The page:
South Prong

Florida Family Farm, South Prong, Preserved Through Rural And Family Lands Protection Program

South Prong
South Prong

Florida Agriculture Commissioner Wilton Simpson announced Wednesday that a family farm in Florida will be preserved through the Florida Department of Agriculture and Consumer Services’ Rural and Family Lands Protection Program.

South Prong, a nearly 2,400-acre working timber and hunting property in Baker County, is being preserved through a rural land protection easement for $4,999,000.

Read: Another Florida Family Farm Preserved Through Rural And Family Lands Protection Program

“We’re thrilled to welcome South Prong to the growing community of generational farmers in Florida dedicated to the productivity and sustainability of our agricultural landscape through the Rural and Family Lands Protection Program,” said Commissioner Wilton Simpson. “Protecting our rural lands through rural land easements enhances food security, keeps these properties in the local tax system, and ensures property owners comply with state conservation standards for land and natural resources.”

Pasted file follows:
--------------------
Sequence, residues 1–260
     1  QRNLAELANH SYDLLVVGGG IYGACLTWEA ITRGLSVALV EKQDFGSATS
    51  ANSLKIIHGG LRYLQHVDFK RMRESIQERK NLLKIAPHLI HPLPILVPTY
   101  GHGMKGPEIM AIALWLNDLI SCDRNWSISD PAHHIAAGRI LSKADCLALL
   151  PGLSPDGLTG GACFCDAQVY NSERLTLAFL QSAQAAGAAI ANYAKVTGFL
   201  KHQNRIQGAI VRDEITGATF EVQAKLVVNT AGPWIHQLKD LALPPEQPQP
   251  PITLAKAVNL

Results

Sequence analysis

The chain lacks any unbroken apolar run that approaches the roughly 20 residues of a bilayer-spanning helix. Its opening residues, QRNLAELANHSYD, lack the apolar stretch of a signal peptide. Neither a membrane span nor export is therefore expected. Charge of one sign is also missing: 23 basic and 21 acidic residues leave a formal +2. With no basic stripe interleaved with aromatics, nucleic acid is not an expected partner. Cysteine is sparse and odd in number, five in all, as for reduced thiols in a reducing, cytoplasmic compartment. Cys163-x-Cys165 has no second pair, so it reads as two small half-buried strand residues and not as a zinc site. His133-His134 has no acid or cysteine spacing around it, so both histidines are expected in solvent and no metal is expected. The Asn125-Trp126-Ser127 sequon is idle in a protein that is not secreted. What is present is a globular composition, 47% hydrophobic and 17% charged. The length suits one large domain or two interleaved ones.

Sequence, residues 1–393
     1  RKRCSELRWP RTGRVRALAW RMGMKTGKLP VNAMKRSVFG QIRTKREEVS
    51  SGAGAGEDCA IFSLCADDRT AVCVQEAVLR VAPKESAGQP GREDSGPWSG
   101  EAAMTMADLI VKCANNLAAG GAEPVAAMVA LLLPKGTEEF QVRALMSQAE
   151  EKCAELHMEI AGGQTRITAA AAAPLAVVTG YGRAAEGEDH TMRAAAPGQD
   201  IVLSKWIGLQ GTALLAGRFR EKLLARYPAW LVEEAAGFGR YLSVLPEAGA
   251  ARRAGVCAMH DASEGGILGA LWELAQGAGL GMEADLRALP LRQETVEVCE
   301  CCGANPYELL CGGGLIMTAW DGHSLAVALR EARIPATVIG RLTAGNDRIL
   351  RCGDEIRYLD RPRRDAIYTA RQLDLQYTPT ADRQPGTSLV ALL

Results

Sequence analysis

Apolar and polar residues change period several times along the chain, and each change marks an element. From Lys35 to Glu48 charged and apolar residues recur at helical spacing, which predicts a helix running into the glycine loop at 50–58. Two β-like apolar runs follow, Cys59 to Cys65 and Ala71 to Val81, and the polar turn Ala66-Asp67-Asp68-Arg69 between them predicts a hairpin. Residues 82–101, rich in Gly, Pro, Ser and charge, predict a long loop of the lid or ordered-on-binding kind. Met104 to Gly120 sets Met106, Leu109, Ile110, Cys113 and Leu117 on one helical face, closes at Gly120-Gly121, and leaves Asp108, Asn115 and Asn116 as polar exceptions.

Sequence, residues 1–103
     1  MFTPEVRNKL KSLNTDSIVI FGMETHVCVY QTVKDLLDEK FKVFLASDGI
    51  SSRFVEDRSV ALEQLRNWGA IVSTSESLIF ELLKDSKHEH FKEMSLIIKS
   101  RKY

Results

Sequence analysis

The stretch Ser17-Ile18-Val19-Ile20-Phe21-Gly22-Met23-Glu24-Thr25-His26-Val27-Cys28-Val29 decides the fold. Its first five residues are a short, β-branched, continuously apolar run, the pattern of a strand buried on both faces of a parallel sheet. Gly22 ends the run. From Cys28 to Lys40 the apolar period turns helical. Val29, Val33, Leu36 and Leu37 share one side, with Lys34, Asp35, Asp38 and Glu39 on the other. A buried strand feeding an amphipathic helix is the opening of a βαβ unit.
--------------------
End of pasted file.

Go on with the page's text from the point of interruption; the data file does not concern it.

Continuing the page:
The Rural and Family Lands Protection Program purchases the development rights to agricultural properties through voluntary rural land protection easements.

These easements prevent the future development of the land and allow agriculture operations to continue contributing to Florida’s economy and the production of food, timber, and other resources vital to Florida’s prosperity.

South Prong

South Prong is a working forest and hunting property situated at the headwaters of the South Prong of the St. Marys River.

The property includes 1,427 acres of uplands, of which 1,355 acres represent actively managed timber and 72 acres of other agriculture. Pine species on the property include slash, loblolly, and longleaf; stands range from semi-natural flatwoods to pine plantations with diverse age classes. More than 970 acres of wetlands are considered as natural areas, although 113 acres of wet flatwoods are used in active forestry. The remaining 860 acres represent mixed pine-hardwood bottomland and cypress swamp (bottomland forest, hydric hammock, baygall, floodplain/basin swamp).

In addition to forestry, the property supports income-producing managed hunts and agritourism. The property also is open to various youth and educational groups.

Help support the Tampa Free Press by making any small donation by clicking here.

Android Users, Click To Download The Tampa Free Press App And Never Miss A Story. Follow Us On Facebook and Twitter. Sign up for our free newsletter.

Login To Facebook To Comment